A few additional things too mention about this machine. I have replaced the original clear windscreen which is still in excellent shape, with an OEM Ducati “smoke” model to help preserve the appearance of the instrument cluster. With that in mind, please take note in the accompanying photos the genuine Ducati carbon fiber gauge enclosure. This is not a common item as far as I’ve come to notice. Also, the front fender is BRAND NEW. I still have the original, which also is in good shape. All the carbon on this bike is better than most for the amount of actual miles enjoyed in real sunlight. Anyone could certainly sand and clear coat the existing carbon if they would like too as a restoration option.

There is a LOT more text from the seller in the advert (I recommend you go check it out), but from what has been shared it is obvious that this was a well loved machine. And what is not to love? The basic bike feels like it has been hewed from solid rock. The big L-twin lumps a bit at idle, and thrashes in the upper RPM ranges. But in between the two is a wave of throbbing torque that grabs you out of one corner and launches you towards the next. And when you get to the next the excellent Brembos and the stiff, chrome molly trellis frame chassis do a great job of making the corner a no-brainer. Every bike should make you feel this good – but few do. This is a bike to be ridden… and by the looks of it, this one has. There are no fewer than 32,000+ miles on this bike, and it still looks new and ready for the next go around. And did I mention it is an SP? In the case of a 1990s Supersport, that means adjustable suspension (a great improvement, especially up front), floating front disks, remote reservoir brake and clutch masters, carbon fiber mudguard, and a wider rear tire thanks to a special aluminum swing arm. And let’s not forget the most important bit: a SP-specific serial number plate on the triple clamp. Some folks go so far as to call the SP model a Superlight with a passenger pillion.

Despite the low tech and the basic nature, 900 SS SP models continue to be desired by riders. That is no surprise as the basic SS platform is extremely forgiving and very capable. It is also very reliable. This particular example has a lot of miles, but it has obviously been lavished on as well. It has some upgrades, and some very serious maintenance. That is all very positive, as these are bulletproof bikes if kept up, as this one appears to be. This one just hit eBay with a Buy It Now price of $5,500. That is strong money for a CR model, but probably well in the ballpark for an SP that shows like this one. And did I mention the spares? There appears to be quite a lot. Check it out and let us know what you think. I believe someone will pick it up relatively quickly, as this is the kind of bike worth holding on to. So who is the next owner? Good Luck!!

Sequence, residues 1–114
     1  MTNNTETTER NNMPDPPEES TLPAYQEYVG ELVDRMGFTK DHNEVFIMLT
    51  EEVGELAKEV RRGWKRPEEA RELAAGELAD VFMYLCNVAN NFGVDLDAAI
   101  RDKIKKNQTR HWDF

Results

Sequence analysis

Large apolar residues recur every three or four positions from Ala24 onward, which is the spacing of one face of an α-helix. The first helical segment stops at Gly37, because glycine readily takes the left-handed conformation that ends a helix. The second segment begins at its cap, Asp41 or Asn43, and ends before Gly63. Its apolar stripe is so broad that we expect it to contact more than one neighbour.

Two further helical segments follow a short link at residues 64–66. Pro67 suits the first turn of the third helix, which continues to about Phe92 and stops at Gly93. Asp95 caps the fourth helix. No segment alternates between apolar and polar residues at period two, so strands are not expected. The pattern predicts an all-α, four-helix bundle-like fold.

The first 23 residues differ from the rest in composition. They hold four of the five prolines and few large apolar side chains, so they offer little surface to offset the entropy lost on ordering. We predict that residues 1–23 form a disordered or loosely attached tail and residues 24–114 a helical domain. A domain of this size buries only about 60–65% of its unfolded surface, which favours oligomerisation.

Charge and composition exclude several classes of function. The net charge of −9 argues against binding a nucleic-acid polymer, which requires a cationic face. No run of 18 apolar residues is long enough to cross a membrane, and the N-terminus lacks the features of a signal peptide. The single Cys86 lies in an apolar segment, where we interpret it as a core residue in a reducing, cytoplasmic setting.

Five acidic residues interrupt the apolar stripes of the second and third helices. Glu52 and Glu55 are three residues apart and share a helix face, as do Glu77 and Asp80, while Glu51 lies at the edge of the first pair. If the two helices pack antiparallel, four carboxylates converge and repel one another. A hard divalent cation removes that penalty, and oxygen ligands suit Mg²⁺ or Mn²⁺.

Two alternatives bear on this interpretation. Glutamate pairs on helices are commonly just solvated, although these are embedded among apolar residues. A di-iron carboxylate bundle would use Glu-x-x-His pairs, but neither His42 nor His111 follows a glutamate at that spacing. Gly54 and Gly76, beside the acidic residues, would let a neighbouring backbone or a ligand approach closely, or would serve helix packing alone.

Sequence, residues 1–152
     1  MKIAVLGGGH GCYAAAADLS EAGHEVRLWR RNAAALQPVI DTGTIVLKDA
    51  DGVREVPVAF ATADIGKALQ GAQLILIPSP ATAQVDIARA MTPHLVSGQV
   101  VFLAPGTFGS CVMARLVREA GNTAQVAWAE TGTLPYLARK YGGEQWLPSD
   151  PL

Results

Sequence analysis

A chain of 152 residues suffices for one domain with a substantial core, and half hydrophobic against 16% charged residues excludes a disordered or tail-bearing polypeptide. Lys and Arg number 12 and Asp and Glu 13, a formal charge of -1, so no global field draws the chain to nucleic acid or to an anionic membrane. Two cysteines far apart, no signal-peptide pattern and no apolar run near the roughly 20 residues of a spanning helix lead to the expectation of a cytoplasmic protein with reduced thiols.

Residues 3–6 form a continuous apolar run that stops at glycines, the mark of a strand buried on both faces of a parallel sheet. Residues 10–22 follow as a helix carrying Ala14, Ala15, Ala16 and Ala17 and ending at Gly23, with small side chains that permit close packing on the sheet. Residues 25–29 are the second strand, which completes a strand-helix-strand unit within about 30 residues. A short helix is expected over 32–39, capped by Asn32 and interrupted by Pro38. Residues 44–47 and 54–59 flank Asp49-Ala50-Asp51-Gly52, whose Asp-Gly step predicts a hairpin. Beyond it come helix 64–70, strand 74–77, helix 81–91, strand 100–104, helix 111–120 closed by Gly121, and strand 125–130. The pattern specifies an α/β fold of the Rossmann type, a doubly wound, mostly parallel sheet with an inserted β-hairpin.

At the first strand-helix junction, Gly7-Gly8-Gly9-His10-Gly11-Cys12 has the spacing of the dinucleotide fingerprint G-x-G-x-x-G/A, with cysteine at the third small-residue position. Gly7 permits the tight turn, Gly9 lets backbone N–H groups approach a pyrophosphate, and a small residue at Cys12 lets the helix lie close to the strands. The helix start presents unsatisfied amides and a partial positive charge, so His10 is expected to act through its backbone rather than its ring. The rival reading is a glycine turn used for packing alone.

MI

Who’s Next? 1995 Ducati 900 SS SP
Sport Bikes For Sale September 14, 2019 posted by

The King in Yellow: 1996 Ducati 900SS/SP for Sale

Not too many bikes look good in yellow, and that very short list is mostly made up of Italians, Ducatis in particular. Red may be the most traditional color for Ducatis but the 916, Panigale, and this 900SS/SP look so striking in the bold yellow seen here, especially with the half-fairing that reveals most of the classic, air and oil-cooled v-twin. Most of the half-faired bikes here in the US were the lower-spec CR model with much more basic suspension, but some apparently did come that way from the factory, and I’d definitely configure my dream-build SP that way. Yes, I do have a dream-build SP, and it’s basically this one, with a two-up seat.

The Supersport was a mainstay of Ducati throughout the 90s, and was available in 900, 750, and even 400cc flavors, depending on the market. Here in the US, we got the 900, although 750cc examples do show up for sale from time to time, apparently sneaking in over the border. The 900SS came in two flavors: the SS/SP and the SS/CR. The motors for both versions were in an identical, as was most of the bodywork. As mentioned earlier, bikes could be had with a full or half-fairing and the SP generally had a carbon fiber front fender for, you know, weight savings. The aluminum swingarm doesn’t look quite as trick, but probably offered a greater performance benefit.

The biggest difference was the suspension. The CR or “cafe racer” came with non-adjustable suspension, because apparently cafe racer people don’t really care about handling all that much? Anyway, the SP or “sport production” came with a fully adjustable Showa front end and shock. Parts are completely interchangeable, so some CRs have been updated, but this example does have the plaque on the top triple that indicate this is an original SP.

It’s not completely stock, with a white frame, solo tail, and graphics meant to evoke the very limited-production Superlight, along with a low-profile LED taillight instead of the chunky 90s piece, but this 900SS still has the brackets for the passenger pegs, so it would be a relatively simple thing to put it back closer to stock. The Öhlins shock is a welcome update and the bike appears to be very nicely put together, as long as you’re okay with the non-standard paint.

From the original eBay listing: 1996 Ducati 900SS/SP for Sale

1996 Ducati 900 Supersport SP Half Fairing Monoposto 

I’m selling my 1996 Ducati 900 Supersport SP.
The bike was rebuilt by Johann Kaiser of Moto Motivo in Raleigh, North Carolina in 2017. 
The bike is powered by a 904cc desmodromic V-twin paired with a six-speed transmission. 
It features yellow bodywork with a white-colored trellis frame, and features include new Brembo brakes, upgraded Ohlins rear shock, cast aluminum wheels, and a carbon fiber exhaust and fenders.